Field-Marshal Sir Claude Auchinleck, who died in Marrakesh in March 1981 aged 96, retained to the end a touching faith that History would eventually vindicate him in the controversial aspects of his career. Almost alone among the Army commanders who survived the war, he took no part in the post-war battle of the memoirs, nor indeed was he particularly willing to disclose his private sentiments to interviewers. This reticence derived from a dignified, stoical disposition and if there was an underlying bitterness it was extremely well concealed. History, however, is made by historians and, in the short run at any rate, cannot be relied upon to provide totally objective judgments. Field-Marshal Montgomery, despite his low opinion of academics, was well aware that the muse can be overpowered and seduced. In his Memoirs and self-adulatory campaign narratives, Montgomery enhanced his own undeniably great achievements by denigrating Auchinleck's generalship and by exaggerating the poor condition of the Eighth Army when he assumed command in August 1942. Montgomery's version of the take-over from Auchinleck and the transformation that rapidly followed has, in broad terms, recently received a powerful boost from Nigel Hamilton's lengthy coverage of these events, buttressed by the recollections of numerous participants.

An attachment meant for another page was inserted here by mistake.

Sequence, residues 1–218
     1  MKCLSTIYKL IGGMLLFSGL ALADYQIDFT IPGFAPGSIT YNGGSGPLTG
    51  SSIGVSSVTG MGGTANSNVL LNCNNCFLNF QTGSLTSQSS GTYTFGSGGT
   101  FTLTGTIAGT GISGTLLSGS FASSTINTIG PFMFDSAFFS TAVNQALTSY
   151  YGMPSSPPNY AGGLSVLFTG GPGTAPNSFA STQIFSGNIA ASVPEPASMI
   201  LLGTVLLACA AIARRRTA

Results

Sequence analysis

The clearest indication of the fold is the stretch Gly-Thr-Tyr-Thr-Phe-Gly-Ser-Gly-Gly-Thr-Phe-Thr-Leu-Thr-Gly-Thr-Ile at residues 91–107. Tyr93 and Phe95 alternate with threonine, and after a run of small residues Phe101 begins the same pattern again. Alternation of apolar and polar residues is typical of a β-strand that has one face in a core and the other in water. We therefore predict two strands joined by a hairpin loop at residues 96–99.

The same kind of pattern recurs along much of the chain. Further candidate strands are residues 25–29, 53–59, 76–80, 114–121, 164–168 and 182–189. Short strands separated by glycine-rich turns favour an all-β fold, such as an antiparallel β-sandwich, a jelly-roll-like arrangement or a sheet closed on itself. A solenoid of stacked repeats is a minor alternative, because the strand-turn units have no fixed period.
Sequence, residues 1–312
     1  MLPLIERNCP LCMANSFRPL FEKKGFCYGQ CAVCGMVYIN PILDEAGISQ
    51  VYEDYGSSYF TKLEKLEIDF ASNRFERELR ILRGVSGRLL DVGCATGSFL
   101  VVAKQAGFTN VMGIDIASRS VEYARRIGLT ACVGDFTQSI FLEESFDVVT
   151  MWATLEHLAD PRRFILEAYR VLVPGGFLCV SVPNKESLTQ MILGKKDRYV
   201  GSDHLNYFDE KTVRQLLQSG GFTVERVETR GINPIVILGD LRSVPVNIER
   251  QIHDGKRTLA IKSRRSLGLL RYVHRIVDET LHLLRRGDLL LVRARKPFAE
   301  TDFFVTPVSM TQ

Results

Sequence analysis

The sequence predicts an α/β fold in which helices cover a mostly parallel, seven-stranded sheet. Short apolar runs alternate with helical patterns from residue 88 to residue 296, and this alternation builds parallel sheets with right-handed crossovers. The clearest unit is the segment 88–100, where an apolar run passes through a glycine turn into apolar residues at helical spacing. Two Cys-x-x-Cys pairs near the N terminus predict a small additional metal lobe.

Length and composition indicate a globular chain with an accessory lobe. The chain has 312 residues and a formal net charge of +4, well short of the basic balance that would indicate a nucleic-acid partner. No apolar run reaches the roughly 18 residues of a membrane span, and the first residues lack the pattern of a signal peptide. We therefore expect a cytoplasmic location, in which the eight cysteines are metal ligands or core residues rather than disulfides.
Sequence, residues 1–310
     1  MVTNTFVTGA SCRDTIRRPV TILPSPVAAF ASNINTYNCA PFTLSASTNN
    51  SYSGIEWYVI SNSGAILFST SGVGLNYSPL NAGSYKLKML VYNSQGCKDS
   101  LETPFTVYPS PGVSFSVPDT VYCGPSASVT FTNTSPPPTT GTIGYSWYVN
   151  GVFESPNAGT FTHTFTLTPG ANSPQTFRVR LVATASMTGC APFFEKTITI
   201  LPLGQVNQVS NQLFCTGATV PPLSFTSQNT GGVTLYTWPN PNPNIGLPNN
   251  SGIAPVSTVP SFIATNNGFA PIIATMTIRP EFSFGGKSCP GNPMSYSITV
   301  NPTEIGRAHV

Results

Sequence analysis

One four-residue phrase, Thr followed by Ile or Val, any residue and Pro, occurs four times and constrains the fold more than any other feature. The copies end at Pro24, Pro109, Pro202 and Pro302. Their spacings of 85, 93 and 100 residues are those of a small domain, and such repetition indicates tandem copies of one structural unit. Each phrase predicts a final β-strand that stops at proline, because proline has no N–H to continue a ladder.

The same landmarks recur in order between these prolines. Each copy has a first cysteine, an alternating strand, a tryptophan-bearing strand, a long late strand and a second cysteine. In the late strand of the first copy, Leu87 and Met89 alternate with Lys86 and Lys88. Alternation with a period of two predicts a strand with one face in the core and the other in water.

LRB 4 March 1982 | PDF Download